Late Friday, Senate President Pro Tem Tom Dempsey sent a formal request to Missouri Attorney General Chris Koster, asking for a legal analysis of how those line-item budget vetoes will have to be handled.
In the Senate: Gun-rights and student transfer bills
The vetoed bill most likely to be affected by Ferguson fallout appears to be SB 656, which would allow the open carrying of firearms. It also would:
- allow school districts to authorize some personnel, including teachers, to carry guns,
- lower the minimum age to 19 for Missourians to obtain permits to carry concealed weapons,
- reduce the qualification requirements for such a permit.
Some law enforcement officials have raised questions about a provision that appears to bar police from disarming a person, with or without a permit, unless he was being arrested.
The gun bill, like two-thirds of the 33 vetoed measures, originated in the Missouri Senate. That means any override attempts of those 22 vetoed bills must begin in the Senate.
The vetoed Senate bills also include the so-called “student transfer bill,’’ SB 493, which sought to resolve the controversy and costly fallout from the transfers of hundreds of students from two unaccredited school districts – Normandy and Riverview Gardens – to other districts in St. Louis and St. Charles counties.
Although that bill garnered a veto-proof majority in the Senate when it first passed, its support in the state House was well below the 109 votes needed for an override.
Nixon particularly objected to the bill’s provision to allow students to transfer to private schools, with their tuition subsidized.
House may focus first on abortion
Before the veto session begins, Speaker Jones is planning a series of stops around the state to promote vetoed bills that he supports – in particular, the bill lengthening the state’s waiting period before a woman can obtain an abortion.
Jones, who plans to run for statewide office in 2016, also is campaigning hard for a vetoed bill to provide tax breaks for contributions to pregnancy resource centers, generally run by groups that oppose abortion.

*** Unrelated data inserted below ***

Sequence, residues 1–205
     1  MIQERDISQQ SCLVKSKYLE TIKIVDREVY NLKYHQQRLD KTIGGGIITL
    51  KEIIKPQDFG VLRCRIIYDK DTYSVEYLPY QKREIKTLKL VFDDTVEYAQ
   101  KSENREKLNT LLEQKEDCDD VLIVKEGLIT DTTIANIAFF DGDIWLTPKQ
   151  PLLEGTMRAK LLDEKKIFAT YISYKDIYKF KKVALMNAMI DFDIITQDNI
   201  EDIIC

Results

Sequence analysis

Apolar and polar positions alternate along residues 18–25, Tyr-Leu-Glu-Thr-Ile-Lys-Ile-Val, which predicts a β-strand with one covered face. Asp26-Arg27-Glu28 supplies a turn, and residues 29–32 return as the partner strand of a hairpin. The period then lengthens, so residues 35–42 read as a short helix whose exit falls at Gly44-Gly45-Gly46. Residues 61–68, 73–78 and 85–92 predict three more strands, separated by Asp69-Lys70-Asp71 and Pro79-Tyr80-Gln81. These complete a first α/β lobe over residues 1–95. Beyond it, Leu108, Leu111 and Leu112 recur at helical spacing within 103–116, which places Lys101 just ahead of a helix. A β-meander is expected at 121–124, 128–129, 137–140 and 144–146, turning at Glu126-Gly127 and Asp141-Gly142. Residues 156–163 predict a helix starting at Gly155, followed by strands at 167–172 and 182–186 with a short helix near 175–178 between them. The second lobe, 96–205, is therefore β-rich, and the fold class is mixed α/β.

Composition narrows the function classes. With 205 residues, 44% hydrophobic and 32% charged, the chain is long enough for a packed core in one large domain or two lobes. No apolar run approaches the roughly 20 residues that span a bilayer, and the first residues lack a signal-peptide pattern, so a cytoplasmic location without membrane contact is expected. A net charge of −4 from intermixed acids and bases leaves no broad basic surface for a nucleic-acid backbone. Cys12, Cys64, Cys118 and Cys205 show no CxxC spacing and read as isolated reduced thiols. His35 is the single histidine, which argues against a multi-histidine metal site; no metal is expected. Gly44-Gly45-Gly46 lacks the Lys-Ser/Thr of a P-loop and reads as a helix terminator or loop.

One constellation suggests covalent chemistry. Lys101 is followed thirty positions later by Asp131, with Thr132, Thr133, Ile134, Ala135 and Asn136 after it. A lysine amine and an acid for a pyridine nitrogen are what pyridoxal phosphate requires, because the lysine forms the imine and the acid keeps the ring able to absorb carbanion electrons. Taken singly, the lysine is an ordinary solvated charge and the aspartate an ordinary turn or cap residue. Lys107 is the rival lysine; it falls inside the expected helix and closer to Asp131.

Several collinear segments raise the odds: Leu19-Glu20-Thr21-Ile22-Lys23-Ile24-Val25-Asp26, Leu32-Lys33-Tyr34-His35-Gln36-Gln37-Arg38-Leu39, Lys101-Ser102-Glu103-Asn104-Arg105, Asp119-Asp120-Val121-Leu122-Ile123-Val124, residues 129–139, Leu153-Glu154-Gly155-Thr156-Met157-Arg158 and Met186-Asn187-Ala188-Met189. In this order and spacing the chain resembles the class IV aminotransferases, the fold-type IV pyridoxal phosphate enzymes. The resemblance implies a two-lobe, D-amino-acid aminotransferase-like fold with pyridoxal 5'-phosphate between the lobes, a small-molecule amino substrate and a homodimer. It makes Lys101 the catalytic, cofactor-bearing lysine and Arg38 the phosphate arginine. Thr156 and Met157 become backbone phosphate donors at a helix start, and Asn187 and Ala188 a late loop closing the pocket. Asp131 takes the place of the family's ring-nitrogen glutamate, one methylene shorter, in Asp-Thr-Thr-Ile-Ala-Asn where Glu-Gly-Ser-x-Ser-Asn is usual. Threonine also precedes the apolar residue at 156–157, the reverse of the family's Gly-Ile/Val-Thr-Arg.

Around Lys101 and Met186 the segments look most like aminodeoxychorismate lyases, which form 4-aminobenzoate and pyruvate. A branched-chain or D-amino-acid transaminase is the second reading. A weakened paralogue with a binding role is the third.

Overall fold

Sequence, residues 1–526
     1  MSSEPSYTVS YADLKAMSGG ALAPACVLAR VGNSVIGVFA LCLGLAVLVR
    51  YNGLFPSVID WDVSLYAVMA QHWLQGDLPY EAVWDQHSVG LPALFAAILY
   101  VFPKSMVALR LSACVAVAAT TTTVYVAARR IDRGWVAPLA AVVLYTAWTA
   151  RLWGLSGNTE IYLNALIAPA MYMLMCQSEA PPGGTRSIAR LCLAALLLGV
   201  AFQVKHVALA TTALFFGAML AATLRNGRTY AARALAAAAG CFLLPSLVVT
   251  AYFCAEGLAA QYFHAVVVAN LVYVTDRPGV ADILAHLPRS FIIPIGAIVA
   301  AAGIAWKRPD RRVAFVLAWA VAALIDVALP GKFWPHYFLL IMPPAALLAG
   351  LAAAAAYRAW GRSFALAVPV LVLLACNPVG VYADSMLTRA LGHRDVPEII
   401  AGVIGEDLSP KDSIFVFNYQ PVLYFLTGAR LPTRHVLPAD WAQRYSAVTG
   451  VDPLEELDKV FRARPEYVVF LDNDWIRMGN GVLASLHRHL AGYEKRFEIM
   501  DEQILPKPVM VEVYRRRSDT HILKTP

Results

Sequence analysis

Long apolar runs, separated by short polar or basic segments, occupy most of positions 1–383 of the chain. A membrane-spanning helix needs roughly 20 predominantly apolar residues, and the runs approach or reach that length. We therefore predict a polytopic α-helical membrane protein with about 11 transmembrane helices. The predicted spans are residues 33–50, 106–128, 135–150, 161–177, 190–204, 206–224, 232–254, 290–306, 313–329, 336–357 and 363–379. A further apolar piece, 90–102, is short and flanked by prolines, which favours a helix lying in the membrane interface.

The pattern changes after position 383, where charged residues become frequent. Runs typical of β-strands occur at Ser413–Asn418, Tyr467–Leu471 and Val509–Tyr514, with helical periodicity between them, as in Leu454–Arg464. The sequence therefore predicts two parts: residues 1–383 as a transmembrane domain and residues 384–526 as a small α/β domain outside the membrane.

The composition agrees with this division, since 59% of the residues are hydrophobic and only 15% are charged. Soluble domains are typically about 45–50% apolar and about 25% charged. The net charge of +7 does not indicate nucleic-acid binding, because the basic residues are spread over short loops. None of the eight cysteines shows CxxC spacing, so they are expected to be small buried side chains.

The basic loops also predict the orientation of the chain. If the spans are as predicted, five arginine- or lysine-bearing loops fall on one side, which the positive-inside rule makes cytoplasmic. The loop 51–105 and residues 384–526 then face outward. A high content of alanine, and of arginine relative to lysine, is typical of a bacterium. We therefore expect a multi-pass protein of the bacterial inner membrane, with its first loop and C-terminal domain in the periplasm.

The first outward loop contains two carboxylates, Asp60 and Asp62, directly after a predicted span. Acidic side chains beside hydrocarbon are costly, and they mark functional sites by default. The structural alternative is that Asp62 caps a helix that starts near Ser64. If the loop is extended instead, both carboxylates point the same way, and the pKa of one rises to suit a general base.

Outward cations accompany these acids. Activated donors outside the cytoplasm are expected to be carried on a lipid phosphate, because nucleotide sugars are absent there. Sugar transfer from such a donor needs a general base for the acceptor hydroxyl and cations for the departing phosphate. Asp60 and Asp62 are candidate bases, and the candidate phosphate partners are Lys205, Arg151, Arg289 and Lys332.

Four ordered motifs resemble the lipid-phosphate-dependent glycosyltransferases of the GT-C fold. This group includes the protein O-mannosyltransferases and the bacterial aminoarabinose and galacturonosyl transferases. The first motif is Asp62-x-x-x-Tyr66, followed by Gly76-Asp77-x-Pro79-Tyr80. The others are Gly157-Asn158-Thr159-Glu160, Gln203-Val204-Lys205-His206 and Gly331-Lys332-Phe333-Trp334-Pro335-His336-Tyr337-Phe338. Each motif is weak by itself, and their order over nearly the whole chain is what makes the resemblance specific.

“These are common-sense measures meant to protect life, and we will pass these measures into law over the governor's veto. Missouri is a strong pro-child, pro-life state, and by overriding these bills we will show that protecting the sanctity of life is of the utmost importance to us," said Speaker Jones.
Jones is confident that the Missouri House will generate veto-proof majorities for both abortion-related bills.
Backers of the 72-hour waiting period say it would provide women with more time to think about ending a pregnancy. Opponents say it demeans women and note that the bill contains no exceptions for rape or incest.
Nixon focused on the lack of exceptions in his veto. U.S. Sen. Claire McCaskill, D-Mo., is among those who also have publicly criticized the bill and backed Nixon’s veto. Supporters and backers of the bill are expected to pack the state Capitol during the veto session.
Legislators also may take up a vetoed bill aimed at making it easier for farmers to raise and fence in deer, in some cases for hunters to shoot. The bill seeks to remove the state Department of Conservation’s jurisdiction over such practices and put the state Department of Agriculture in charge. Caleb Jones said farmers are balking at the conservation department's stricter requirements.
Among other things, the bill would classify deer as livestock.